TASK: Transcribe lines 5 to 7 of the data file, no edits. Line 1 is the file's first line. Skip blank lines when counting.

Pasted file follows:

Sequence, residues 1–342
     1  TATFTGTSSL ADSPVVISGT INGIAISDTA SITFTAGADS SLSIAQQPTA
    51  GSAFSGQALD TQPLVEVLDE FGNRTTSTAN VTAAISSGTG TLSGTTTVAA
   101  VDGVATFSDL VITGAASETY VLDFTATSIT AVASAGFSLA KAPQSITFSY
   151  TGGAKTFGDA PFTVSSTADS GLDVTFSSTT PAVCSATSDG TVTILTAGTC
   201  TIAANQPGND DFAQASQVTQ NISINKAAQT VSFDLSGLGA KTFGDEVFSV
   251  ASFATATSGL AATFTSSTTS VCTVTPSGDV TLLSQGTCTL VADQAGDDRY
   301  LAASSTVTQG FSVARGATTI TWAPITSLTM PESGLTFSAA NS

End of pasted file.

   151  TGGAKTFGDA PFTVSSTADS GLDVTFSSTT PAVCSATSDG TVTILTAGTC
   201  TIAANQPGND DFAQASQVTQ NISINKAAQT VSFDLSGLGA KTFGDEVFSV
   251  ASFATATSGL AATFTSSTTS VCTVTPSGDV TLLSQGTCTL VADQAGDDRY